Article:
KOKI (Blackeyed Peas)


  • I start by soaking beans in water for about 5- 10 minutes. Then I put it in a blender and pulse for a few seconds. Don’t worry the blender doesn’t grind it. It just takes the skin off. When I have peeled all of the beans, I put it in a large bowl and pour water into the bowl, above the level of the beans. The skins float and I drain them using a colander. I repeat the process until the beans are free of the outer skin.

  • I crush the beans into a slightly grainy paste using my fantastic blender.

  • I use a whisk to whisk my bean paste so it traps in air and is spongy

  • I add in all other ingredients and mix. And by all other ingredients, I mean, palm oil, salt and water.

  • Now is the time for wrapping! Ideally, warmed plantain or banana leaves are used. I use banana leaves and foil paper. But if you can’t find banana leaves, just use foil paper, preferably the non-stick one.

  • To get eight cups of soaked beans for this recipe, soak four cups of dried beans.

  • For a smaller quantity of koki beans, halve the recipe if you so wish.


8 cups black eyed peas (koki beans) – peeled, soaked and rinsed

1 1/2 cups palm oïl

1 1/2 – 2 tablespoons salt

6 cups water

5 peppers (or other hot pepper to taste)

For Wrapping

1 bag frozen banana leaves or 1 roll aluminium foil (preferably non-stick) foil


  1. Put the soaked beans into a blender and blend together with 4 cups of water and all the pepper into a coarse paste. You need to blend your beans in batches. I blended mine twice so two cups of water went into each batch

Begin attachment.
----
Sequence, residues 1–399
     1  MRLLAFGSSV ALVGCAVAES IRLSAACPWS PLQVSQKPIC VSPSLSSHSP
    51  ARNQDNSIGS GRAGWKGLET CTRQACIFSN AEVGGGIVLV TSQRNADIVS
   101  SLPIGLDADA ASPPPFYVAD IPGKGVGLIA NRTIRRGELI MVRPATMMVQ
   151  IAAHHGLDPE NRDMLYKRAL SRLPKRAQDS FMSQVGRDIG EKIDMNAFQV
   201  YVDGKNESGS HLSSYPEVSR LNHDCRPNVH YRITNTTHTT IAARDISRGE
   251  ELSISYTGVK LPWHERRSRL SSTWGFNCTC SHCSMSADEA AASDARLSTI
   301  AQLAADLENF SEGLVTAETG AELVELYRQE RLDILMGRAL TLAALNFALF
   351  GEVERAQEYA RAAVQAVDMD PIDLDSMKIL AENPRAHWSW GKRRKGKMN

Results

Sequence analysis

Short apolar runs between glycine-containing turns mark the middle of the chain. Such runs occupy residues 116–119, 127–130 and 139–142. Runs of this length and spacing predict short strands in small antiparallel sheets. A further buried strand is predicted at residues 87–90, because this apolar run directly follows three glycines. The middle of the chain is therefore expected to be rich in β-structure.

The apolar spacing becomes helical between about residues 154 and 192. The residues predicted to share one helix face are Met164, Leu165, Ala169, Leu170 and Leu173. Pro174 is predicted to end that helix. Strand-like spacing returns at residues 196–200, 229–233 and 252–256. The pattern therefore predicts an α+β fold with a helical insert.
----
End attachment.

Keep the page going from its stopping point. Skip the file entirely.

2. Pour the ground beans into a large bowl.

  3. Lightly warm the palm oil. Do not bleach it. Set aside.

  4. Add salt into bean paste and mix, using an egg whisk so you can trap in air. This makes for a spongy texture.

  5. Add oil into the bean paste while whisking continuously. Mix until the oil is well incorporated. At this point, taste to ensure that it is well salted. It should taste slightly more salty than it should be. When it cooks, the taste will balance up.

  6. Prepare your banana leaves for wrapping by warming them over a flame or immersing them in hot water. Wash them thoroughly and cut into rectangles. If using just aluminum foil, no need to do this.

  7. Wrap the koki by placing foil paper cut into a rectangle in a small deep bowl. The part right above the bowl should be lightly pressed to fill the bowl. Add on banana leaf cut into a rectangle or another foil paper. Pour in one cup of the bean mixture. Then wrap by bringing together all the edges of the inner foil paper or banana leaf then equally bringing together the edges of the outer foil paper to form a bundle.

  8. Place the bundle into a pot lined with foil paper or banana leaves. Pour in two cups of hot water, cover all the wraps with more foil paper then bring to a boil. After about 15 minutes, add in about 1-2 cups of water. Let it cook for 1 1/2 to 2 hours. Be sure to check from time to time so it doesn’t burn.